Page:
This boutique hotel is situated on the fifth floor of a 1940s apartment building in upscale Zamalek, surrounded by embassies, consulates, leafy gardens, and private schools.
Arriving deep into the witching hour, at about 3.30am, only the sleepy building security guard is there to nod us toward the antique elevator.
But just as we're worrying whether we'll need to sleep in the hallway, for lack of humans about, we exit the creaking lift and are met with a cheery welcome from Sharif and the hotel's own full-time security guard (an anomaly, we are told).
There's no sign of early hour fatigue here, with the energetic Sharif quick to show us the hotel's features and carry our bags off to our room.
The hotel is located in the affluent island district of Zamalek. The immediate area around the hotel is dotted with well-known chain restaurants, quaint bakeries, parks, and even a few Melburnian coffee houses. It's a pleasant location to take a stroll, far from the traffic-clogged avenues one would expect from Cairo.
Another bonus? There's only one Costa outlet in Zamalek - and it's five minutes' walk from the front door of the hotel.
When we visit, the hotel is largely empty - but this is as much a reflection of our hour of arrival and lateness to the breakfast buffet than it is about the number of guests. With just 21 rooms, you won't be jostling for space at any time of the day.
However, in the wake of Egypt's tourism drought, Hebba Bakri, the hotel owner, says her clientele list has changed drastically. When once it was the everyday tourist who frequented her halls, she now welcomes mainly diplomats, academics, archaeologists and journalists. This leaves it with a more stately, businesslike feel, rather than somewhere you'd bring the whole family.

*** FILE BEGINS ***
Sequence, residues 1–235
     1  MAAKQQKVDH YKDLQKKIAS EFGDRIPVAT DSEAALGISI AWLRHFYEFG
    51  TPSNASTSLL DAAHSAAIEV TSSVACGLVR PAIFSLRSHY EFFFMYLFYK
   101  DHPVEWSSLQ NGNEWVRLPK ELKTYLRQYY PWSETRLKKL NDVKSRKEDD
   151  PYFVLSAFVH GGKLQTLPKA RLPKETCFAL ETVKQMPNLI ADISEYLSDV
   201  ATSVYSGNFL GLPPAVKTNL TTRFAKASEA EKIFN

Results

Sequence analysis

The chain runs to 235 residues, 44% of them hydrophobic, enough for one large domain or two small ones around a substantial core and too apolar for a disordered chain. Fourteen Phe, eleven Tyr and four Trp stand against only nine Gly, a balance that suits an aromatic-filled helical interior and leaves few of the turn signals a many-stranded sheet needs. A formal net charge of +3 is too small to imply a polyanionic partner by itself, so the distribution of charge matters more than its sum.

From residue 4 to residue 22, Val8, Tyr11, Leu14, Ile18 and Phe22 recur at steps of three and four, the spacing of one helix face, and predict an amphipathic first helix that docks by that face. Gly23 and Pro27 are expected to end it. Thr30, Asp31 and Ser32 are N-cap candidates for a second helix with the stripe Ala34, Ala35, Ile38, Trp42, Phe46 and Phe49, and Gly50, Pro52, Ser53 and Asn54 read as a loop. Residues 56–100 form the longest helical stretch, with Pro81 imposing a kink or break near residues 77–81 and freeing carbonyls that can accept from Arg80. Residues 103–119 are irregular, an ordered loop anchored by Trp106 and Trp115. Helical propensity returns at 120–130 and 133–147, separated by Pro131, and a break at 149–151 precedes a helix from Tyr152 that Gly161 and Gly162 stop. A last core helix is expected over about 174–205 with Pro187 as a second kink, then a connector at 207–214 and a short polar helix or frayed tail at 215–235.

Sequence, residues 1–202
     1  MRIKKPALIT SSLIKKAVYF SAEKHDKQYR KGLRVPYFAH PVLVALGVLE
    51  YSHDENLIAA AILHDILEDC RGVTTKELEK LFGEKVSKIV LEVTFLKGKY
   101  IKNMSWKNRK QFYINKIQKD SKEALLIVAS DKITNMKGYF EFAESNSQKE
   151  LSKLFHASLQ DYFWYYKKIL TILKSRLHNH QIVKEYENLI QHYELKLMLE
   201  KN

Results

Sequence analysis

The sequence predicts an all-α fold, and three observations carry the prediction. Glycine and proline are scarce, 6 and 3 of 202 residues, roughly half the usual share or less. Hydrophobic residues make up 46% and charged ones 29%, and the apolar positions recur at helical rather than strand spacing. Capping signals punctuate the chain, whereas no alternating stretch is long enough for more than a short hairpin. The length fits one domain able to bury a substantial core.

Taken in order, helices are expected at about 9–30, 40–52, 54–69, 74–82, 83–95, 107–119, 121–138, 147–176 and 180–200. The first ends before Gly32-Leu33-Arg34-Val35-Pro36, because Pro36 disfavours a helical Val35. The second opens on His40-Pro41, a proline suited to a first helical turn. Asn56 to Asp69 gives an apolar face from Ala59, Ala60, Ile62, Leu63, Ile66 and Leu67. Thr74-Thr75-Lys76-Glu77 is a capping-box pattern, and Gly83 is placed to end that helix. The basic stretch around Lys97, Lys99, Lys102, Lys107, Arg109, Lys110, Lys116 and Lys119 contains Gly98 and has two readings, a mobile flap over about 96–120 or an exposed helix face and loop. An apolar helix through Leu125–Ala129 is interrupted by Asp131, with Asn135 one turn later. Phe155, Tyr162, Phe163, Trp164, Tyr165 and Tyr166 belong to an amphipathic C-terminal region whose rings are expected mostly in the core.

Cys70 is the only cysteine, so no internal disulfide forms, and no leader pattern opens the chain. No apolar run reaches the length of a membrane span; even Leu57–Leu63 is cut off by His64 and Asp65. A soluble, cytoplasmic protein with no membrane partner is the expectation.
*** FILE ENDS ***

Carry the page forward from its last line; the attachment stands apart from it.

Sure, it's nothing fancy - but Ms Bakri's touch in everything is what sets this hotel apart.
Our standard room centres around a large bed, small TV, a wooden desk and antique armchair as the main focal points - and a sense of no-nonsense throughout. The ensuite is modern and sleek, if not a little on the small side.
However, only when you look closer do you notice the attention to detail - the stylised bathroom, the tablecloths and napkins sourced from Germany - and the fact that the interior design hasn't been entrusted to anyone but the owner herself.
As far as standard hotel rooms go, this is basic, but it is basic executed well.
Staff speak exceptional English and are a welcome, smiling face at any time of the day. Ms Bakri reinvests much of her profit into her team, teaching them English or putting them through courses and classes, and it's evident in the calibre of service.
The hotel restaurant offers a sweeping breakfast buffet free with your stay. There's top-quality items aplenty - yoghurts, pastries, pancakes, eggs, cereals, fresh fruit and spreads (we even found vegan Agave syrup, if that's what you're into).
The vivacious Hebba Bakri and her inspirational ethos.
The honking of horns and revving of engines in the morning, as the plethora of vehicles outside jostle for much sought-after parking spots in the area, are an abrupt alarm.
For a city offering plenty of luxury and budget accommodation, this is a welcome addition to the middle tier.
While the price might be almost on par with several well-established 5-star options, Hotel Longchamps has positioned itself as indulgence with character, which is where it sets itself apart from the larger chains.
If authenticity is your top priority, look no further. Even better if you're keen to interact with the staff, and are willing to let them take a genuine interest in your movements in the country.
If you can, take some time to swap stories with Hebba over a coffee - it might turn out to be the best part of your stay.
The bottom line
Rooms at Hotel Longchamps cost from USD84 (Dh310) per night, including taxes.